NFL betting: The spread rarely matters in the Super Bowl
Last season, the Los Angeles Rams won the Super Bowl, but failed to cover as 4.5-point favorites in a 23-20 victory over the Cincinnati Bengals. When looking back at recent NFL and Super Bowl history, that result was quite the outlier.
Earlier this NFL season, I wrote about how the spread rarely comes in to play when betting the NFL. In other words, the underdog usually wins outright or the favorite covers the number. Not often does a favorite win the game but fail to cover the spread. In these playoffs, we've seen six favorites win and cover, three underdogs win outright and three favorites win but fail to cover the spread.
When looking at the recent history of the Super Bowl, these results are even more pronounced. If you like Kansas City to win the Super Bowl, I'd consider passing on the 1.5 points the oddsmakers are giving you.
Spread rarely matters
Last season, Cooper Kupp scored a touchdown with 1:25 left on the clock to put the Los Angeles Rams up 23-20 over the Cincinnati Bengals. On the Bengals' ensuing drive, a fourth down stop by Aaron Donald and the Rams' defense ensured that was the final score.
That was the first time since 2009 that the betting favorite won the game but failed to cover the spread. The most recent example before last season was the Pittsburgh Steelers securing a 27-23 victory over the Arizona Cardinals, but failing to cover as 7-point favorites. That game featured the incredible late-game catch from Santonio Holmes in the end zone. LaMarr Woodley's strip-sack of Kurt Warner in the final seconds secured the victory for Pittsburgh.
Here's a list of every Super Bowl in between those two matchups:
Super Bowl LV: Buccaneers win 31-9 over Chiefs, win outright as 3-point underdogs
Super Bowl LIV: Chiefs win 31-20 over 49ers, cover as 1.5-point favorites
Super Bowl LIII: Patriots win 13-3 over Rams, cover as 2.5-point favorites
Super Bowl LII: Eagles win 41-33 over Patriots, win outright as 4-point underdogs
Super Bowl LI: Patriots win 34-28 over Falcons, cover as 3-point favorites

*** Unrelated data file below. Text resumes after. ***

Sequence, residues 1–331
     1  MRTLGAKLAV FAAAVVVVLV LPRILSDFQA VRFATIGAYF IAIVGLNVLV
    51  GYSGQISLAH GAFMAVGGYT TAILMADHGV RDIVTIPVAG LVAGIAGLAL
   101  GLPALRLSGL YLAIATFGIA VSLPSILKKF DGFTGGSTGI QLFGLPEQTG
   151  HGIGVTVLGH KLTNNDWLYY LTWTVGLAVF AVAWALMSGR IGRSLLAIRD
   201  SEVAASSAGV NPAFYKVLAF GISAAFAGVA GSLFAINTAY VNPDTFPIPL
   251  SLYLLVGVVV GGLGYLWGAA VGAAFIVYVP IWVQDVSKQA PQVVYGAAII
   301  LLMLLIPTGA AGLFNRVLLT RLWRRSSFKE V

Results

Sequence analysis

Super Bowl L: Broncos win 24-10 over Panthers, win outright as 5-point underdogs
Super Bowl XLIX: Patriots win 28-24 over Seahawks, game was a pick 'em
Super Bowl XLVIII: Seahawks win 43-8 over Broncos, win outright as 2.5-point underdogs
Super Bowl XLVII: Ravens win 34-31 over 49ers, win outright as 4.5-point underdogs
Super Bowl XLVI: Giants win 21-17 over Patriots, win outright as 2.5-point underdogs
Super Bowl XLV: Packers win 31-25 over Steelers, cover as 3-point favorites
Super Bowl XLIV: Saints win 31-17 over Colts, win outright as 5-point underdogs
Trend goes back even further
Recent history shows that the spread has mattered in just one of the last 13 Super Bowls. If you go all the way back to the start of the Super Bowl era, the results aren't much different.
Through 56 Super Bowls, the favorite has won and covered in 29 of them. Eighteen other times the underdog has won outright. Twice, the final result landed exactly on the spread, leading to a push. Overall, just seven times in 56 years has the favorite won the game but failed to cover the spread. In other words, the spread has only mattered 12.5% of the time. That's not much different from what we've observed over the last few regular seasons in the NFL.
Last year, the spread came into play. That might lead to some recency bias or fear. However, the long term results speak for themselves. If you like the Kansas City Chiefs in the Super Bowl, you're probably better off taking them on the moneyline at +105 instead of taking the 1.5 points and laying -110. If you like the Eagles, lay the 1.5 at -110 and don't pay the extra juice on the moneyline at -125.